Spring has finally arrived, and that means flowers will be blooming, pollen will be in the air and grass will be growing, new and green. This also means that your dog may be suffering from seasonal allergies. Yes, dogs can suffer from allergies, just like humans do. Allergies in dogs can come from a specific food, or certain environmental factors. We will cover a few typical signs your dog may be suffering from allergies and how to help below:
Sure, it is fairly common for your dog to scratch himself and sneeze every so often, but if your pooch is incessantly scratching his ears to the point where he yelps, or is chewing on his paws so much that you swear they're covered in peanut butter, it might turn out to be allergies.
Allergies can be a reaction to something in your pup's environment, like dust or mold, or the signs above could even be related to a particular type of food. But for this post, we're focusing on environmental allergies. When your dog's immune system comes into contact with a substance that it hasn't seen before, like freshly cut grass after a long winter, or pollen from blooming flowers, it may "overreact" to these substances, thinking they're dangerous and release a substance called histamines. Histamines are what cause the watery eyes, itchiness, and inflammation.
The best way to diagnose allergies in dogs is to go to the vet and get a special test. The intradermal skin test, comparable to the allergy test that humans use, is when the vet takes a small sample of the allergen and injects it under the dog's skin, then monitors the area for swelling, irritation or even hives.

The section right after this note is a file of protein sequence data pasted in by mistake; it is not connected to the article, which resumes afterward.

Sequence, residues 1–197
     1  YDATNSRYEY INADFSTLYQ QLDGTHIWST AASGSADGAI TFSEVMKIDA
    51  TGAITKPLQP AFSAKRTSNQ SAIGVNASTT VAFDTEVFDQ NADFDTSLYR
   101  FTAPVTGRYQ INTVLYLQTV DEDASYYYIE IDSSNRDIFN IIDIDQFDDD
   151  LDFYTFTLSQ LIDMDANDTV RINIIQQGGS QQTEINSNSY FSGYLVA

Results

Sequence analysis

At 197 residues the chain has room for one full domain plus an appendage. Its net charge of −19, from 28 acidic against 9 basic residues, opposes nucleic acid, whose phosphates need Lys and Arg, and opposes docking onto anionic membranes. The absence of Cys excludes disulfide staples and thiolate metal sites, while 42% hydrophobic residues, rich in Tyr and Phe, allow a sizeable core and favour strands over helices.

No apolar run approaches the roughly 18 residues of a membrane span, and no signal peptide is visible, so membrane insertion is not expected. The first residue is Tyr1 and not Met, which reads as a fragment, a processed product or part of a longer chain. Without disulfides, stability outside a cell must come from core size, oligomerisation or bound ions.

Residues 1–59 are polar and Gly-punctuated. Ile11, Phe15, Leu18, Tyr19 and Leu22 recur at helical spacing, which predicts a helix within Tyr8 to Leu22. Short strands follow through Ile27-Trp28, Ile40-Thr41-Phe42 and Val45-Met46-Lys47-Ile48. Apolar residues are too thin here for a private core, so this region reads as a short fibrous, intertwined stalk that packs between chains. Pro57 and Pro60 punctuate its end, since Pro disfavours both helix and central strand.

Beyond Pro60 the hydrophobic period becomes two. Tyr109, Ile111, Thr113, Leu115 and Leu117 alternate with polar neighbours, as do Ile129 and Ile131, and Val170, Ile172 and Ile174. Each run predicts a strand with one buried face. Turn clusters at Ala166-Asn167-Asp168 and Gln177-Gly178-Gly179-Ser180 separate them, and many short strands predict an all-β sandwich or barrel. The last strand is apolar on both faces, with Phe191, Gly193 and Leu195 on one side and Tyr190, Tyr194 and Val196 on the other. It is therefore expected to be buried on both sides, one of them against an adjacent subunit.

When the vet confirms that your dog indeed is suffering from allergies, they can create a special shot for your pup that will help relieve symptoms of the environmental allergies.
Certain over the counter antihistamines like Benadryl or Zyrtec have been known to help allergies in dogs, just ask your vet before administering these to your pet, as the side effects can range from extreme drowsiness on one end of the spectrum to hyperactivity on the other.
Just make sure that the antihistamine you buy doesn't have any other ingredients like decongestants such as pseudoephedrine, as that is not safe for dogs. If the antihistamines aren't doing enough, talk to your vet about certain prescriptions to relieve allergies.
Giving your dog frequent baths can also help with the skin irritation; try using an oatmeal shampoo for extra moisture and to soothe itchy skin. Adding fatty acid supplements or using a topical regimen of tea tree oil, coconut oil or fish oil has also been known to soothe irritated skin.
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